Once, while fishing for salmon, I hooked a clam. It fought bravely, and when I finally pulled it from the water I could see that I hadn’t just snagged it, as you might expect, but that it had taken the bait willingly. These are minor points; what matters here is that the clam, so different from a salmon, forced me to reconsider what might lie below the murky water. It did not seem like a place for clams, but there it was, spinning at the end of my line.
Fishing is this way. Even knowing what kind of fish you want to catch, where and when to find said fish, and what kind of bait it likes to eat, you’re always working by feel. Line and hook or nets serve as surrogate fingers, groping their way through an unseen world, and until they break the surface and the fist is opened, there is no way of knowing exactly what was grabbed. At risk of mixing metaphors, what I’m trying to say is that there’s always the chance of catching a clam. It’s what makes fishing fun, and it’s also a good way to think about the story of the world’s deepest fish, a fish that probably wasn’t a fish at all.
Before the morning of January 23, 1960, when Swiss oceanographer Jacques Piccard and US Navy officer Bob Walsh climbed into the Trieste bathyscaphe and began their descent into the Mariana Trench’s Challenger Deep, scientists did not think that any fish swam in the deepest parts of the ocean. Occupying just two percent of the ocean’s bed but holding nearly half its depth, oceanic trenches are completely dark, only a couple of degrees above freezing, and crushing—at the ocean’s deepest point, nearly seven miles down in the Mariana, the pressure builds to eight tons per square inch. Almost all nutrients here in the Hadal Zone, this part of the ocean 3.7 miles below sea level and deeper, arrive from above, waste and corpses drifting down from shallower water. It did not seem like a place for fish.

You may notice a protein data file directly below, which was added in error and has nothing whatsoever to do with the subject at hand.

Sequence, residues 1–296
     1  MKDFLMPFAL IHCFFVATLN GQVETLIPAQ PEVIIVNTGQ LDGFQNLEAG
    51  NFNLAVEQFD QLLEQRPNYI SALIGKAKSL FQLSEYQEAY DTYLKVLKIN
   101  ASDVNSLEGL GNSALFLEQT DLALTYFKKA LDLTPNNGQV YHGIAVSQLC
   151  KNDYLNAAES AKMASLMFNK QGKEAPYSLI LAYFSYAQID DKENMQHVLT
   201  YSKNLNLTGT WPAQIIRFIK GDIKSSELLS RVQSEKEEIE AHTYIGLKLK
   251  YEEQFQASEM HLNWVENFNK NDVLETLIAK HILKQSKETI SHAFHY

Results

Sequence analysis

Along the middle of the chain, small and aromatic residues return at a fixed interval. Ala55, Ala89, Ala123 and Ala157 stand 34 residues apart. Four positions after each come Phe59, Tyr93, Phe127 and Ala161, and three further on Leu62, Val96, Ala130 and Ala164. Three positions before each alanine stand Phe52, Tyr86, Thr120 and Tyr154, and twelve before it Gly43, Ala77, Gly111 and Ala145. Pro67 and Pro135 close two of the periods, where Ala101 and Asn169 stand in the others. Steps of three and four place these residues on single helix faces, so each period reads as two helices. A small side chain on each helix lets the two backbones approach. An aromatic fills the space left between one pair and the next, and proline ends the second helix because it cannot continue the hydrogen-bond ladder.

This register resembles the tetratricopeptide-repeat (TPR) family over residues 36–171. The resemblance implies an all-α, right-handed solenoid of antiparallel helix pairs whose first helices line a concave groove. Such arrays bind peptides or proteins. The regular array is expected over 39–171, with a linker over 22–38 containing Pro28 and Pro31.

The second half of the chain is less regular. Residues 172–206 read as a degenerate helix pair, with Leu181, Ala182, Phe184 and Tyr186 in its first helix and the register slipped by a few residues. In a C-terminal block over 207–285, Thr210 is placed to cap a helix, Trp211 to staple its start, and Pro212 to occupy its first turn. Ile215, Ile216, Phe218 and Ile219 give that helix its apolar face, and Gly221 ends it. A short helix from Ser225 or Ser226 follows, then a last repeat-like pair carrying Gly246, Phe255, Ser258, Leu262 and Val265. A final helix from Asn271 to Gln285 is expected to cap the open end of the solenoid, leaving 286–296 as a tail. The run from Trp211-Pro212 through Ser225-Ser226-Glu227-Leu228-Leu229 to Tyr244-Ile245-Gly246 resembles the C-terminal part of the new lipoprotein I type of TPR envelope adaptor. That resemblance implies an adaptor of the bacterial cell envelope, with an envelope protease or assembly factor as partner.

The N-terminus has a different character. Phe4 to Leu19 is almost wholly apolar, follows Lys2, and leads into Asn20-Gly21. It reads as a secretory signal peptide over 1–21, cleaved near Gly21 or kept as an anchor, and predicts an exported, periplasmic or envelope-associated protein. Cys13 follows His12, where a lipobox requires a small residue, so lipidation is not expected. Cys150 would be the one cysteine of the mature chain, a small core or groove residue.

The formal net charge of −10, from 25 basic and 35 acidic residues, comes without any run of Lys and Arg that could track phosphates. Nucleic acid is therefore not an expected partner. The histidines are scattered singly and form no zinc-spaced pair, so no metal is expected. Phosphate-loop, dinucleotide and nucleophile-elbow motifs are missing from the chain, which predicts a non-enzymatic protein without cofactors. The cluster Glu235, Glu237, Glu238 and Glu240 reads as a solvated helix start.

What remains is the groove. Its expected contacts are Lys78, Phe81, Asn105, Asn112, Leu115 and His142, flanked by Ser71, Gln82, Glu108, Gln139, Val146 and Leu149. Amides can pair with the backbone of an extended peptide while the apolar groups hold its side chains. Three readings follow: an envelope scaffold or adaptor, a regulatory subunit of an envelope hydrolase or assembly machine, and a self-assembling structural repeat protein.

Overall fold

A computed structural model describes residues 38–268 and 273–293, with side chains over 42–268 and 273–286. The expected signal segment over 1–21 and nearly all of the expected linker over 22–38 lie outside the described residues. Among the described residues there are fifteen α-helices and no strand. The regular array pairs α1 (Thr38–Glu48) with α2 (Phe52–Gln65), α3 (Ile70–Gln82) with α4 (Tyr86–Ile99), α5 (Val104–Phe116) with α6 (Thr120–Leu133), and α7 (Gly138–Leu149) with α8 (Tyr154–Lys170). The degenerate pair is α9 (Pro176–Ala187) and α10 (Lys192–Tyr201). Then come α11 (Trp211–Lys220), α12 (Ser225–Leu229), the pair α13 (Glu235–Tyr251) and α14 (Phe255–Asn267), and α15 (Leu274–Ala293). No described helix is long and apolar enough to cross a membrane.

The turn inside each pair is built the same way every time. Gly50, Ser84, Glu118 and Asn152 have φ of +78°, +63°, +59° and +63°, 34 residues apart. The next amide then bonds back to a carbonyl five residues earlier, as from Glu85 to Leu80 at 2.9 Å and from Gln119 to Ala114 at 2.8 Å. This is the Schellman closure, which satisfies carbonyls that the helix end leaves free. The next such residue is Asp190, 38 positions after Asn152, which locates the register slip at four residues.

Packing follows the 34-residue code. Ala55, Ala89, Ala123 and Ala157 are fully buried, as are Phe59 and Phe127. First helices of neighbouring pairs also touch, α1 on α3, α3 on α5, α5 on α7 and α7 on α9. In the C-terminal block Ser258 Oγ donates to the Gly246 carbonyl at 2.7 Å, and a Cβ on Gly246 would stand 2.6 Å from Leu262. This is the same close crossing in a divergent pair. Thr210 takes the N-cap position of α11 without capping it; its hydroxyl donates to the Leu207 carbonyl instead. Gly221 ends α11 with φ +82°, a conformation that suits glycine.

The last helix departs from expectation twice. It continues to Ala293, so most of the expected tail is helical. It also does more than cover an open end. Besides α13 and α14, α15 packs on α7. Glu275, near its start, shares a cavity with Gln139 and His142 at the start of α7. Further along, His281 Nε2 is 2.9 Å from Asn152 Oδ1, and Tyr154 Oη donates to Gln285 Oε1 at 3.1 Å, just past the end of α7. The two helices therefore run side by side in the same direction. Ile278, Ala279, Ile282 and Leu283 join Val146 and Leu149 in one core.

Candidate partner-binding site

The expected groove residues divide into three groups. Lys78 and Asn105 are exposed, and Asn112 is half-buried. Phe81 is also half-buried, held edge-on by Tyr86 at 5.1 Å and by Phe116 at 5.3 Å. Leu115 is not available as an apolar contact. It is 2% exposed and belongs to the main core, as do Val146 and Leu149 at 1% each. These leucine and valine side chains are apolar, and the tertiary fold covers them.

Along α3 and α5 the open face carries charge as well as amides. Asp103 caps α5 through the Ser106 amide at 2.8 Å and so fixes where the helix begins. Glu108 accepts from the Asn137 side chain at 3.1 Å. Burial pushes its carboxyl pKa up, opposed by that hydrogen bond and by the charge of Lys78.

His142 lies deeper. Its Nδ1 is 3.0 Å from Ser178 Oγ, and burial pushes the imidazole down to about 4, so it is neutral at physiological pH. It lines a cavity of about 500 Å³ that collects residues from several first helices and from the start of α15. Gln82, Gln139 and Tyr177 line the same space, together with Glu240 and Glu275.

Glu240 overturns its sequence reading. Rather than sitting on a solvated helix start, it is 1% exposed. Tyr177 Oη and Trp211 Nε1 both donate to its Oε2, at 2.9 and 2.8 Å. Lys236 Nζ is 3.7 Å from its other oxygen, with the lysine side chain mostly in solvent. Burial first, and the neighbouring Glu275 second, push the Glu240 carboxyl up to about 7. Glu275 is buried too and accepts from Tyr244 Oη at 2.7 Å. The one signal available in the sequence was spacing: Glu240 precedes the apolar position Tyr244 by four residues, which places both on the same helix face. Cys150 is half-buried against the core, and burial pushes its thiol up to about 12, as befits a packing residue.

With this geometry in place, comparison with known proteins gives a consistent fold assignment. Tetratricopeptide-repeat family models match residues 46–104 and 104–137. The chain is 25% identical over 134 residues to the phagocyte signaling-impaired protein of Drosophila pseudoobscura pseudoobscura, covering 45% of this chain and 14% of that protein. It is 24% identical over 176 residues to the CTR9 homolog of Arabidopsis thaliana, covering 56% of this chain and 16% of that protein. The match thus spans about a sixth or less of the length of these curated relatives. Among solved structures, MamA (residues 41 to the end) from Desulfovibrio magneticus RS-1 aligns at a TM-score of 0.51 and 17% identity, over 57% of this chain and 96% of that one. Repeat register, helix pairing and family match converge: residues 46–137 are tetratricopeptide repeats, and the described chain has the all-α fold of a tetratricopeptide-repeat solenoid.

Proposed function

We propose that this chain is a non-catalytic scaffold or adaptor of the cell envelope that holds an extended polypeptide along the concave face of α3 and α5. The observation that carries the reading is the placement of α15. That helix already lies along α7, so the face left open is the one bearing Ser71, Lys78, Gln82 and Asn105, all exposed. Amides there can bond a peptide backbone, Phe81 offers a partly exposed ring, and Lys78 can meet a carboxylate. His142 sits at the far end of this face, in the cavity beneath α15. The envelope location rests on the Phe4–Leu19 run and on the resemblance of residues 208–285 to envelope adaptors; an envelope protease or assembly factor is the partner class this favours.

But when the bathyscaphe—a pressure-resistant vessel with a large top compartment filled with gasoline, water, and ballast, sitting above a small, spherical, windowed cabin— bottomed out five hours later and 6.8 miles below the surface, Piccard and Walsh were surprised to see something swimming away in the cloud of debris raised by their impact. “Slowly, very slowly,” Piccard wrote in the August 1960 issue of National Geographic, “this fish—apparently of the sole family, about a foot long and half as wide—moved away from us, swimming half in the bottom ooze, and disappeared into the black night, the eternal night which was its domain.”